The Newsroom is a rare underwhelming piece of storytelling from Aaron Sorkin. The highly-anticipated HBO show never lived up to the hype or talent involved. Now, The Trial of the Chicago 7 writer-director is acknowledging he was “never able to get it quite right.”
The series portrays life at a newsroom with the main focus on anchor Will McAvoy (Jeff Daniels), who’s an atypical Sorkin protagonist. He’s good at his job, he’s verbose, and he’s ambitious. The Newsroom has everything we’ve come to expect from Sorkin, except the entertainment value. “I was never able to get it quite right,” Sorkin told Vanity Fair. “I always felt like I had a pebble in my shoe. I felt like I could write a good scene. I could put a couple of good scenes together.”
The series had mostly favorable reviews and lasted three seasons, but it never stirred up the passionate reactions Sorkin achieves. There was always something amiss in The Newsroom, mostly emotion. The series starts with promise with a highly talked about opening in which McAvoy has a bit of a breakdown and explains why the United States isn’t the greatest country in the world.
According to Sorkin, the beginning is where the problems started with The Newsroom. “Without me realizing it, I was giving a mistaken impression, two mistaken impressions. One was Will McAvoy’s ‘America isn’t the greatest country in the world’ speech,” Sorkin added. “What I was writing was a scene about a guy having a nervous breakdown. And now in the auditorium at Northwestern, it was [like The Network’s] ‘I’m mad as hell and I’m not going to take it anymore.’ I wasn’t lecturing America on what was wrong with it.”
For many critics and HBO viewers, the opening and the rest of the show are borderline weekly lectures. It wasn’t Sorkin’s intention, but he recognizes that’s how the show came across. “And because everything would be set in the recent past, I think there was a feeling that I was trying to show the pros how it ought to have been done, that we’re going to do that [moment in time] again, but we’re going to give it the West Wing treatment,” he explained. “And I was trying to do that. I set it in the recent past because unlike The West Wing— until 9/11 — where I felt comfortable creating a parallel universe, I didn’t feel safe making up news. I didn’t think it would be real. I didn’t want it to be silly. It was just meant to show people putting on the news in a world where doing the news and profit concerns are always competing.”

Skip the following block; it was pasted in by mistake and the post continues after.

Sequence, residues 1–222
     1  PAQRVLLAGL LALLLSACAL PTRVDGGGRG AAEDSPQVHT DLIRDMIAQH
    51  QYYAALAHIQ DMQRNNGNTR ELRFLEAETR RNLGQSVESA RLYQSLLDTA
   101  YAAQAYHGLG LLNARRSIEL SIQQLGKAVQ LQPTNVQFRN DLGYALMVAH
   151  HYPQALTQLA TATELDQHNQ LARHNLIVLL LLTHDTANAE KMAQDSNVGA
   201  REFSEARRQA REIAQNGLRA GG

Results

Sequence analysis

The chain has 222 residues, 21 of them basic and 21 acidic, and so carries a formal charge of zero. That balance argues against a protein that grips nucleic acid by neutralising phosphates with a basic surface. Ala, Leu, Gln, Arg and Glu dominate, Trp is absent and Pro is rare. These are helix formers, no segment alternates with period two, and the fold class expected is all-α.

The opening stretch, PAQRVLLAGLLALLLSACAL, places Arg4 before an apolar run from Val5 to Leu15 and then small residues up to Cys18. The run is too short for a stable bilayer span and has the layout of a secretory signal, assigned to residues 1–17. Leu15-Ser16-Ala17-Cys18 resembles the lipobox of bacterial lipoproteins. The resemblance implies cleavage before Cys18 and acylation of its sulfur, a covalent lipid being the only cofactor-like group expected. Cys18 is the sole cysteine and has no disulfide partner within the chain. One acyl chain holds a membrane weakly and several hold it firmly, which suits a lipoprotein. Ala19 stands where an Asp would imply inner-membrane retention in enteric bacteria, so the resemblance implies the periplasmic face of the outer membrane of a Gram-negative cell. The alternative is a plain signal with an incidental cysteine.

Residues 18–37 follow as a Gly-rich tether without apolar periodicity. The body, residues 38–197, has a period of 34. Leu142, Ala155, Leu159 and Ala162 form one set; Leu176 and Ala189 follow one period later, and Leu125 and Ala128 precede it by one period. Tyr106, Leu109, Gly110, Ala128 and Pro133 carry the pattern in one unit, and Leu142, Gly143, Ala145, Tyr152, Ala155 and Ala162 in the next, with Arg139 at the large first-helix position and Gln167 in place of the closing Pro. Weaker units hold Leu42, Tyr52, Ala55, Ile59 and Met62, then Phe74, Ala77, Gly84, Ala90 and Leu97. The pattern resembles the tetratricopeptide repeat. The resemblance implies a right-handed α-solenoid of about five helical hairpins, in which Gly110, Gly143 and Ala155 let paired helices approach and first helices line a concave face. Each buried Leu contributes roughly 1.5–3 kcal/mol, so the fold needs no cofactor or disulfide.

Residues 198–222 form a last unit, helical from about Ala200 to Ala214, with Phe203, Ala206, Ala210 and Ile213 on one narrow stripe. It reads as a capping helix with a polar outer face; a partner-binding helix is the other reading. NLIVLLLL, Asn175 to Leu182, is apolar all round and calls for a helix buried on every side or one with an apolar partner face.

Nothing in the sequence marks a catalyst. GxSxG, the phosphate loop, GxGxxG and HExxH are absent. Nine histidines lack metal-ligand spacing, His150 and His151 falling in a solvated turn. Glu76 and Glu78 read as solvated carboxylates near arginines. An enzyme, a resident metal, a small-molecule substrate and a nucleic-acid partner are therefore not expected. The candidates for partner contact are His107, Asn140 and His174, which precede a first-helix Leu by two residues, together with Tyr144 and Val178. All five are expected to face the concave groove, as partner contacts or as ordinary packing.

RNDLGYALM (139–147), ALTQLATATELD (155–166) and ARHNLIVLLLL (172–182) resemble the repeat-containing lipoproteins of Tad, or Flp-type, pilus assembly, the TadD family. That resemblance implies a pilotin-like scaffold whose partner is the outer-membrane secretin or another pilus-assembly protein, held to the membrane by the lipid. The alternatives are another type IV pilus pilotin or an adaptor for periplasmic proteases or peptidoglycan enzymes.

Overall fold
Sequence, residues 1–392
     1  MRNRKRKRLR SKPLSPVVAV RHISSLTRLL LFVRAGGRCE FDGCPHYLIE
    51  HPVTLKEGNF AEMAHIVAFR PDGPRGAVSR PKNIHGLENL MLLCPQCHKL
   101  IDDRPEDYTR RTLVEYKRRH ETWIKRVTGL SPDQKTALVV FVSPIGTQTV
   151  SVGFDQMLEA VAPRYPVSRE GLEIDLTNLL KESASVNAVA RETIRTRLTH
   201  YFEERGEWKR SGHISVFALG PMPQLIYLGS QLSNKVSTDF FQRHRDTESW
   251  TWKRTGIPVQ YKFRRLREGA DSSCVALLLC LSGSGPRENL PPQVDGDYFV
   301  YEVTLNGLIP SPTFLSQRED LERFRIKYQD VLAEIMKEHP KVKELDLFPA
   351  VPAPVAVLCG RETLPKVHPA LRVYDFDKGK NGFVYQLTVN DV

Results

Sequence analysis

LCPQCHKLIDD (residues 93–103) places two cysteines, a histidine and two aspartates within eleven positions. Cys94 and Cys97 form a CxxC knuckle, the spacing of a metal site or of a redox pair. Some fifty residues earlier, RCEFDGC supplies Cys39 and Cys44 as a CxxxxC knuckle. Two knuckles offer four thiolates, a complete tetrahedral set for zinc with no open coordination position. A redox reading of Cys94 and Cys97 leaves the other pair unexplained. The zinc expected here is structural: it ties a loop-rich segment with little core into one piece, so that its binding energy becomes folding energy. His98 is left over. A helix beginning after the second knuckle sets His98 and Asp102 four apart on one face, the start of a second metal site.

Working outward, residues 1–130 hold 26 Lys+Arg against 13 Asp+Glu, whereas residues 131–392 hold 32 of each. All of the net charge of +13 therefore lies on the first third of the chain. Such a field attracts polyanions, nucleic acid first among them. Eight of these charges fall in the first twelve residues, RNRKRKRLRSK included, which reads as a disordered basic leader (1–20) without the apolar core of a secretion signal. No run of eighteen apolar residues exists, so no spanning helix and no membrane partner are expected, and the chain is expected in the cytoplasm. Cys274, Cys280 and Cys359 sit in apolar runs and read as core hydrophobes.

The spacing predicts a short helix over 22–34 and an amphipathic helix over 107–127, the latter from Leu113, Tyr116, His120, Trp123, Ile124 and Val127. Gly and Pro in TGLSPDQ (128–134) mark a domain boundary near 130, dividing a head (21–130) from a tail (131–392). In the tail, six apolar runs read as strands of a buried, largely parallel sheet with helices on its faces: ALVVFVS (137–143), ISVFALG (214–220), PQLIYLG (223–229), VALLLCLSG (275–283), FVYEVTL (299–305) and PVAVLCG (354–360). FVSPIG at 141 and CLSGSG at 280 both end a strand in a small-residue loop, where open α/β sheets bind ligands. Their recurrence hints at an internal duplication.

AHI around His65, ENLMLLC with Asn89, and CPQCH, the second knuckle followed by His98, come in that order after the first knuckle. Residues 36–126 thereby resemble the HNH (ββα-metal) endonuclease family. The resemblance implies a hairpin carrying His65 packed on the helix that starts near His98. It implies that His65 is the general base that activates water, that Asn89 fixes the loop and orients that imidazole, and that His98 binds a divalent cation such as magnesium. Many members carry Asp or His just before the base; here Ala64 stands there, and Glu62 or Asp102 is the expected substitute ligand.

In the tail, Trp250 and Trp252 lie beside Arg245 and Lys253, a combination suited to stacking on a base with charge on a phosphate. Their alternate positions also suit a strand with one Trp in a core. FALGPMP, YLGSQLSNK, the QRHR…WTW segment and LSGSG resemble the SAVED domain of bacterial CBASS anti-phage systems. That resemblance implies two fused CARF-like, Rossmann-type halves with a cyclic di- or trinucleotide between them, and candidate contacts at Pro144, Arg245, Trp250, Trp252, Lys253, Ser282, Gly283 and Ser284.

Sorkin compared the show to a football game. The coach, Sorkin, put together some great plays. However, those great plays never led to a great game. Sorkin’s candor about the series is refreshing. He’s not a writer who misses the mark often, so hearing him open about where he thinks the series went wrong is another insight into his creative process. The Newsroom was a rare misstep for Sorkin, but even Jordan can’t shoot nothing but net.
The HBO series still has more merit than most shows on television. It has its moments. With Sorkin and a cast as exceptional as The Newsroom’s, of course, it has its moments. The HBO series, however, fails to fully captivate and excite as Sorkin tends to do. It’s a cold series, whereas these days Sorkin’s work is full of surprising warmth. The Newsroom isn’t without its fans, either. Quentin Tarantino, for example, is a massive fan. He loves the dialogue, no surprise there.